Assessing tackle performance using a novel collision sport simulator in comparison to a “live” one-on-one tackling drill

Nicholas Burger, Michael Ian Lambert, Harry Hall, Sharief Hendricks

Research output: Contribution to journalArticleAcademicpeer-review

Abstract

It is necessary to study the rugby tackle as it is associated with successful performance outcomes and is responsible for the majority of contact injuries. A novel collision sport simulator was developed to study tackle performance. The main aim of this validation study was to assess tackle technique performance between two different conditions: simulator versus a standardised one-on-one tackle drill previously used to assess technique. Tackling proficiency was assessed using a list of technical criteria. Mean scores, standard deviations and Cohen’s d effect sizes were calculated. Mean overall score for dynamic i.e. running simulator tackles was 7.78 (95%CI 7.58–7.99) (out of 9) or 87% (standard deviation or SD±8.94), and mean overall score for dynamic “live” tackles was 7.85 (95%CI 7.57–8.13) (out of 9) or 87% (SD±9.60) (effect size = 0.08; trivial; p > 0.05). Mean overall score for static i.e. standing simulator tackles was 7.45 (95%CI 7.20–7.69) (out of 9) or 83% (SD±10.71), and mean overall score for static “live” tackles was 8.05 (95%CI 7.83–8.27) (out of 9) or 89% (SD±7.53) (effect size = 0.72; moderate; p < 0.001). The simulator replicates dynamic tackle technique comparable to real-life tackle drills. It may be used for research analysing various aspects of the tackle in rugby and other contact sports.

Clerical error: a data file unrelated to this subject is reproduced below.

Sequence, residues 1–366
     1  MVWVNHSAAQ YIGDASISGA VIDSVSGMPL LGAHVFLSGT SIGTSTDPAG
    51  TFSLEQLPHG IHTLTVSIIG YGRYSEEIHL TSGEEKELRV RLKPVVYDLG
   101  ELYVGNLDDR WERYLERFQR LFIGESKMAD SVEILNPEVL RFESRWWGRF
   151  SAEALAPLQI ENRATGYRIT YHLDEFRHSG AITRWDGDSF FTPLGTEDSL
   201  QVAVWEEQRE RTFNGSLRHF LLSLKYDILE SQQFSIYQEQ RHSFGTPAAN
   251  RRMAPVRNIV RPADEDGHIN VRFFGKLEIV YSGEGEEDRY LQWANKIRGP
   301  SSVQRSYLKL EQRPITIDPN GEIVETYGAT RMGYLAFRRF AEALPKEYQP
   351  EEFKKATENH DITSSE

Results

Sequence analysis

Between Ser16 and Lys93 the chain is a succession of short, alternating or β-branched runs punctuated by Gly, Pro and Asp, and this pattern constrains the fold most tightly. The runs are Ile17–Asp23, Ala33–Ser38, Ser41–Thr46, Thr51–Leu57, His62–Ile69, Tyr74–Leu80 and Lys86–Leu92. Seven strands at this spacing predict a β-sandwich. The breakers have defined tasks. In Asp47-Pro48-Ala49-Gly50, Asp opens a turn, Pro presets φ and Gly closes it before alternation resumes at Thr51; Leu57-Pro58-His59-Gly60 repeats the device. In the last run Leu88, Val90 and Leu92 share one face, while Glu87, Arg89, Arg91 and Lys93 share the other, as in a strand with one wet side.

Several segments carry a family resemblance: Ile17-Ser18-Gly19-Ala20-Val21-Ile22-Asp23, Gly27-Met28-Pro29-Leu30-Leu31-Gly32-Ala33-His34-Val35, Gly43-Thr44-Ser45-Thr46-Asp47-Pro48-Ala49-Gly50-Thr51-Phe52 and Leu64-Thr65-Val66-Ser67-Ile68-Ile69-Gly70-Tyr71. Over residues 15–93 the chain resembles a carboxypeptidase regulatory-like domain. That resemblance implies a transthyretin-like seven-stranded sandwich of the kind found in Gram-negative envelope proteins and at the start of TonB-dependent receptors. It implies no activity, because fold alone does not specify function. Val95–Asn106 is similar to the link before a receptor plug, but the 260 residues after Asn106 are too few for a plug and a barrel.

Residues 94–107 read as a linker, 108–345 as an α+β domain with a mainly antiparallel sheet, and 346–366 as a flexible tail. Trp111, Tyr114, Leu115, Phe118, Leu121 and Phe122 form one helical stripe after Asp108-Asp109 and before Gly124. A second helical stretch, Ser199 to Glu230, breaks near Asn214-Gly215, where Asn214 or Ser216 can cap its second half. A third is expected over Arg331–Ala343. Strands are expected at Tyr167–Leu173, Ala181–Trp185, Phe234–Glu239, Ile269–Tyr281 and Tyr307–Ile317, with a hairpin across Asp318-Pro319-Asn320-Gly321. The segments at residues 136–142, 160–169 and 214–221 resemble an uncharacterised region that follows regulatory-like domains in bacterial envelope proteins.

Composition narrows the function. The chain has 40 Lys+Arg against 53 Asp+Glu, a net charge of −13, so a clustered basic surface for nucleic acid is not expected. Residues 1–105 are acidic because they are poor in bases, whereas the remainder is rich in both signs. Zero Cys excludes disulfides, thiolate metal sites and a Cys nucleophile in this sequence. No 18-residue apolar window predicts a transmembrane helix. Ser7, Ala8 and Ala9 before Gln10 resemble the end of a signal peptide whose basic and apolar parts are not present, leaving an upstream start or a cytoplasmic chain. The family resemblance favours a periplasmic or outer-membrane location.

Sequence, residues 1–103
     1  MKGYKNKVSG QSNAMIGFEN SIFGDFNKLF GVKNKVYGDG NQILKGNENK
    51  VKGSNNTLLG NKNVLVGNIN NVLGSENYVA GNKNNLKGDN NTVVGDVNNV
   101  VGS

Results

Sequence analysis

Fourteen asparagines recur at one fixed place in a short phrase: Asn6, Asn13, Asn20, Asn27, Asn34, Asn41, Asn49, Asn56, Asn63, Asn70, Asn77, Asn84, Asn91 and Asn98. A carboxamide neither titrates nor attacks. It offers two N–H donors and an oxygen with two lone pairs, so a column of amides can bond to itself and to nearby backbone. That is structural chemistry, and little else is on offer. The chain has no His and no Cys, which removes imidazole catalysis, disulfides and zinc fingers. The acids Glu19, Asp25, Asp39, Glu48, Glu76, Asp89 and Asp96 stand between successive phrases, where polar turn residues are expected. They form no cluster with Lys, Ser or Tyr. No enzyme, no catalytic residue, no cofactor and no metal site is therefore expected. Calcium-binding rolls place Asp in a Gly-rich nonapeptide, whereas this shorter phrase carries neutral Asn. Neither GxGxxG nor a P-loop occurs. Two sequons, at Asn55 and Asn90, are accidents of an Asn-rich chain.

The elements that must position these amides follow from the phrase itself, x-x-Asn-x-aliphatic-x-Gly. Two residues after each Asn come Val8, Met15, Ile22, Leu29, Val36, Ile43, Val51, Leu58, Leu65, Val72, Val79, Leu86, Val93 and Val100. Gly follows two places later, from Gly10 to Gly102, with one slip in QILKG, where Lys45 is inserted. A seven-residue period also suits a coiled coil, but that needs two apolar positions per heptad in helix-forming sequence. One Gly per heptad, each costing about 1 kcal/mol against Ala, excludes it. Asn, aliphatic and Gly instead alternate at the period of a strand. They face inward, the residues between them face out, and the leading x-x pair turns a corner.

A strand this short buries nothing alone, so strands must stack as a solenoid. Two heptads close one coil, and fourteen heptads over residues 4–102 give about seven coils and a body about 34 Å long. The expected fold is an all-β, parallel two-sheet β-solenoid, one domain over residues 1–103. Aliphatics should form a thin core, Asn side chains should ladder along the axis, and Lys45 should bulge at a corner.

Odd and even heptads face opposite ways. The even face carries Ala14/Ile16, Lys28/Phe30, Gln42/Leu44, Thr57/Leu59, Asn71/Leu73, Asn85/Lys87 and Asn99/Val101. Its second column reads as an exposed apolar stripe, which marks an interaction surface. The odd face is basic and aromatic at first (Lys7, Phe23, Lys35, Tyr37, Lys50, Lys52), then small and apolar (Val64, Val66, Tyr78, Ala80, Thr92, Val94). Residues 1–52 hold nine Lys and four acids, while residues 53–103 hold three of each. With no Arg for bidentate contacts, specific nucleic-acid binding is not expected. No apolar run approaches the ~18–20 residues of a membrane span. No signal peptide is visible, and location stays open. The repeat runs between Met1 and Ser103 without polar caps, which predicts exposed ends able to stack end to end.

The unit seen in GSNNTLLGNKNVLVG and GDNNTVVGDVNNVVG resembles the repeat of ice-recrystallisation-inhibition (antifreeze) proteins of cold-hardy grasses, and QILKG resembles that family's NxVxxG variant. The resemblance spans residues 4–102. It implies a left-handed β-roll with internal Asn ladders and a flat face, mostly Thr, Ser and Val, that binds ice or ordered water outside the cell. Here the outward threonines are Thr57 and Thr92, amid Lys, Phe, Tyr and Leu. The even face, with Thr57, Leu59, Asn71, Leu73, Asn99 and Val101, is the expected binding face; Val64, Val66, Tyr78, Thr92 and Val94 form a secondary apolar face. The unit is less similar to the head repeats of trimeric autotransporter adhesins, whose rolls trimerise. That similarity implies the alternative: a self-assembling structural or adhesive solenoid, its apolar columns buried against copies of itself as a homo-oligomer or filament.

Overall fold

LanguageEnglish
Pages74-81
Number of pages8
JournalJournal of Sports Sciences
Volume37
Issue number1
Early online date11 Jun 2018
DOIs
StatePublished - 2 Jan 2019

Cite this

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abstract = "It is necessary to study the rugby tackle as it is associated with successful performance outcomes and is responsible for the majority of contact injuries. A novel collision sport simulator was developed to study tackle performance. The main aim of this validation study was to assess tackle technique performance between two different conditions: simulator versus a standardised one-on-one tackle drill previously used to assess technique. Tackling proficiency was assessed using a list of technical criteria. Mean scores, standard deviations and Cohen’s d effect sizes were calculated. Mean overall score for dynamic i.e. running simulator tackles was 7.78 (95{\%}CI 7.58–7.99) (out of 9) or 87{\%} (standard deviation or SD±8.94), and mean overall score for dynamic “live” tackles was 7.85 (95{\%}CI 7.57–8.13) (out of 9) or 87{\%} (SD±9.60) (effect size = 0.08; trivial; p > 0.05). Mean overall score for static i.e. standing simulator tackles was 7.45 (95{\%}CI 7.20–7.69) (out of 9) or 83{\%} (SD±10.71), and mean overall score for static “live” tackles was 8.05 (95{\%}CI 7.83–8.27) (out of 9) or 89{\%} (SD±7.53) (effect size = 0.72; moderate; p < 0.001). The simulator replicates dynamic tackle technique comparable to real-life tackle drills. It may be used for research analysing various aspects of the tackle in rugby and other contact sports.",
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Assessing tackle performance using a novel collision sport simulator in comparison to a “live” one-on-one tackling drill. / Burger, Nicholas; Lambert, Michael Ian; Hall, Harry; Hendricks, Sharief.

In: Journal of Sports Sciences, Vol. 37, No. 1, 02.01.2019, p. 74-81.

Research output: Contribution to journalArticleAcademicpeer-review

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